'Desdemona' is another fine, fearless play from Brazen-Faced Varlets - The Buffalo News

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'Desdemona' is another fine, fearless play from Brazen-Faced Varlets

How lucky we are to have the Brazen-Faced Varlets in our midst. The female-forward company’s scrappy productions are often performed in the back room of Rust Belt Books, a Bohemian cave of literary wonder and secondhand love. Their plays often rewrite or re-imagine classics, passing old tales off to new audiences like avid readers share their earmarked books. Their work makes me think of ancient acts of storytelling, huddled and impromptu, communal and political, funny and wicked.

Their latest, Paula Vogel’s “Desdemona: A Play About a Handkerchief,” is the company’s sixth production to dismantle a William Shakespeare play. “Ramona and Juliet,” their premiere production, in 2006, parodied the romance as a lesbian comedy. Gender is as much a manipulative here as sexual orientation. One way or another, the Varlets’ work redistributes the wealth and restores power to the otherwise misrepresented. And does so, presumably, with a budget of pennies.

Vogel’s play is in trusty hands with director Lara Haberberger at the helm. Vogel’s take on “Othello’s” three women is like adventurous fan fiction, and Haberberger’s treatment is just as dreamy.

Desdemona, Othello’s wife, is unleashed as a romantic vixen, a part-time prostitute who lives for, and off of, her passions. Emelia, Desdemona’s conservative maid and Iago’s wife, is cautious to her boss’s liberated ways, maybe even jealous. Bianca, another “woman of the night,” is a loud and dangerous inspiration, a true original in an era of molds. Conversation is spent debating roles and value in their homes and in the world. Just what, exactly, is a woman to do in this world, the play asks.

Between Vogel and Haberberger, the performance unfolds with intriguing choices. Scenes are brief, some short breaths and some deep gasps. They’re broken intermittently by soft blackouts underscored by a cool blue moonlight. Are these selective memories? Flashing reflections before death? I wondered many times what we were missing in the negative space between these vignettes, some of which pass without dialogue. Such a poetic way to wrap the play’s rhetorical voice.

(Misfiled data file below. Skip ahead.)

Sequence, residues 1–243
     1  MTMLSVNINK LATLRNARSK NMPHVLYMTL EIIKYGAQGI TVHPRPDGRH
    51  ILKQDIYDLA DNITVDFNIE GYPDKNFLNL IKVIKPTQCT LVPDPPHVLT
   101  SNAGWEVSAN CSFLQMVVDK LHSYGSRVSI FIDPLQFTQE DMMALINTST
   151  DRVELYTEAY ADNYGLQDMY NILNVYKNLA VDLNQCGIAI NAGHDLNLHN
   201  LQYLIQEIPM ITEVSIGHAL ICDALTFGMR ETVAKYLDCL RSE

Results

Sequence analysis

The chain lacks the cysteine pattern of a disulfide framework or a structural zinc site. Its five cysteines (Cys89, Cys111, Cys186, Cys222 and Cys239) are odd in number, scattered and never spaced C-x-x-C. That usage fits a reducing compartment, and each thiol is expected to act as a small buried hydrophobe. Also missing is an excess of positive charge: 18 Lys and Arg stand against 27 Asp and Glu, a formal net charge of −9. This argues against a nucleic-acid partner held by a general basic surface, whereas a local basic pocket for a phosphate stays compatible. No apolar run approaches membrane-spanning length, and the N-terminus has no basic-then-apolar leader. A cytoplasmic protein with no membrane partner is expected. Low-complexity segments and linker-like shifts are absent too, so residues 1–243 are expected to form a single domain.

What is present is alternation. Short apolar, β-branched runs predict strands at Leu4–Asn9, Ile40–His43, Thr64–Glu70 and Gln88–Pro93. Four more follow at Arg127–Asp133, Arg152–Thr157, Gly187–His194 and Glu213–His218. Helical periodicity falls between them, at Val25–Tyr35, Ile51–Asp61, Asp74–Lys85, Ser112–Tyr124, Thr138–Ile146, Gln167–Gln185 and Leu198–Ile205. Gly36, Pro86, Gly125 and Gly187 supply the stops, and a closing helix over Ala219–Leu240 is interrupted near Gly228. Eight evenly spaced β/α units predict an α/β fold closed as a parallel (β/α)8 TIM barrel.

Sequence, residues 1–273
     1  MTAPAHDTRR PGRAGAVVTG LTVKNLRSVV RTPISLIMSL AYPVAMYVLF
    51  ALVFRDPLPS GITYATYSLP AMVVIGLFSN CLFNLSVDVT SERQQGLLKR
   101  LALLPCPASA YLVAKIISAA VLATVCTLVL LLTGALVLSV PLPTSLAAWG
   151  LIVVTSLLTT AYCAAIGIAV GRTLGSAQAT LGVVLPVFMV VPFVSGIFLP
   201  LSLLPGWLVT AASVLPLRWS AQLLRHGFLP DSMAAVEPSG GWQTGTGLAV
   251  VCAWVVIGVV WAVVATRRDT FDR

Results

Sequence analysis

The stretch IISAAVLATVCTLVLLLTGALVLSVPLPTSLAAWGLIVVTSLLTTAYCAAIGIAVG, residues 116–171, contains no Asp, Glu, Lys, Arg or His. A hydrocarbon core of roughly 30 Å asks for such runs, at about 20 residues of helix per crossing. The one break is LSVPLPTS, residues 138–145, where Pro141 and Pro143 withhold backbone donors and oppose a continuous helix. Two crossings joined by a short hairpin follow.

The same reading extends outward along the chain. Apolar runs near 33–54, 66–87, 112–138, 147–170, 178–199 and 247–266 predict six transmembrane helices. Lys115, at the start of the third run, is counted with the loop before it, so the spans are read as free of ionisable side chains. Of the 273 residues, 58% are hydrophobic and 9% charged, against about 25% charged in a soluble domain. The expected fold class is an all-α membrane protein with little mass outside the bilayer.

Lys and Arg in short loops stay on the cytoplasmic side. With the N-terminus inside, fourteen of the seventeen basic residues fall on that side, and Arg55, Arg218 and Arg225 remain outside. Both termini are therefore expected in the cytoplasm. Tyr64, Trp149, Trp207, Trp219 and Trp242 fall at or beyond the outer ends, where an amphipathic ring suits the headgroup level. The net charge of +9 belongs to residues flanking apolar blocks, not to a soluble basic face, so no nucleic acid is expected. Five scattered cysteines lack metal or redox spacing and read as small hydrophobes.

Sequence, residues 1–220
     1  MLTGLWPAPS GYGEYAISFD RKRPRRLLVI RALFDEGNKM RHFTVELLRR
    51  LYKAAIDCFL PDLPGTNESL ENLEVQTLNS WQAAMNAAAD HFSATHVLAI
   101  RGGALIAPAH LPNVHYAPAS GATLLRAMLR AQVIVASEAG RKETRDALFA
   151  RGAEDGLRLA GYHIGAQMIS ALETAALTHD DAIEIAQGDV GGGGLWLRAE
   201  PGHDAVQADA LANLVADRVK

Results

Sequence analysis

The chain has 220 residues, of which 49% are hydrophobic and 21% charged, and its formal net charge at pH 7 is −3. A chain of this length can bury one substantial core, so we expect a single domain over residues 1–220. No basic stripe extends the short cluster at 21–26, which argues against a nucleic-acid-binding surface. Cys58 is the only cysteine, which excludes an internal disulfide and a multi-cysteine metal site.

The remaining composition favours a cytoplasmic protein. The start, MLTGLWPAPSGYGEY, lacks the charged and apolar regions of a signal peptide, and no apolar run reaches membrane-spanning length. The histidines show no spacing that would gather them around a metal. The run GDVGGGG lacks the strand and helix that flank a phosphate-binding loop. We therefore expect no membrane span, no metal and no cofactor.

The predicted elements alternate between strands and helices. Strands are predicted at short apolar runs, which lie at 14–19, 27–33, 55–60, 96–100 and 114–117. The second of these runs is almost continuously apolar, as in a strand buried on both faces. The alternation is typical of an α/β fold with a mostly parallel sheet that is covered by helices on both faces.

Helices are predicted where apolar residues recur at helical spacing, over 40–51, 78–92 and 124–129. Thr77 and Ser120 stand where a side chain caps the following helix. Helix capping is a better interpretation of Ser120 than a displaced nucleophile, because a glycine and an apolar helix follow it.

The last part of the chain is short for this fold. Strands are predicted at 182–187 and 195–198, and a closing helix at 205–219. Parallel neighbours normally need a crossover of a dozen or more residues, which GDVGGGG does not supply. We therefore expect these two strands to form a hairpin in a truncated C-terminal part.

These theatrics work despite, or perhaps because of, this tiny space, for which small is too small an adjective. The dozen or so people in the room—cast, crew and audience—really do share a breath. Theater usually only does this in metaphor, but in here it’s a refreshing reality. These conversations get tense, and at one point, physical. During a rowdy fight scene, in which the actors use household objects around as weapons, their rage was palpable, almost tangible. What a thrilling moment.

The cast of three hold their own quite well. I wish some of their performances were turned down just a bit to fit the immediacy of the room, their relationships feel real and worthy of their drama. Stefanie Warnick is a seductive Desdemona with juvenile entitlement and put-on confidence. (She reminded me of Sarah Michelle Gellar’s Kathryn in “Cruel Intentions,” the modern twist on “Les Liasions Dangereuses,” of which this play also reminds me.) Warnick layers her various emotions of strength around fear, and gives a bold performance.

So does Caroline Parzy-Sanders as Emilia, but in a very different way. On the surface, Parzy-Sanders embodies the classical dowdy maid: submissive and dutiful, but snarky and truthful. Her accent, a scant Scottish, is lighter than it could be to reinforce her traditional roots, and her reactions are sometimes too forced. But her presence is known, and when all bets are off, her voice is heard, loud and clear.

But the real joy here comes from Jeni Arroyo, our Bianca. Arroyo’s performance epitomizes the value of the Brazen-Faced Varlets voice in our local theater scene. She puts it all out there (and so does her costume), rightfully twisting the relationship between Desdemona and Emilia. Things could be smoother in her delivery, more moments could be taken in, but she injects so much energy and originality that I was happy to jump on this ride. Another fine, if unexpected, production from this fearless, unapologetic and brazen company.

 

“Desdemona: A Play About a Handkerchief”

3 stars (out of 4)

Presented by Brazen-Faced Varlets through Oct. 29 at Rust Belt Books, 415 Grant St. Performances are at 2 and 8 p.m. Thursdays through Sundays. Tickets are $15 to $1, plus Pay-What-You-Can performances. Visit varlets.org

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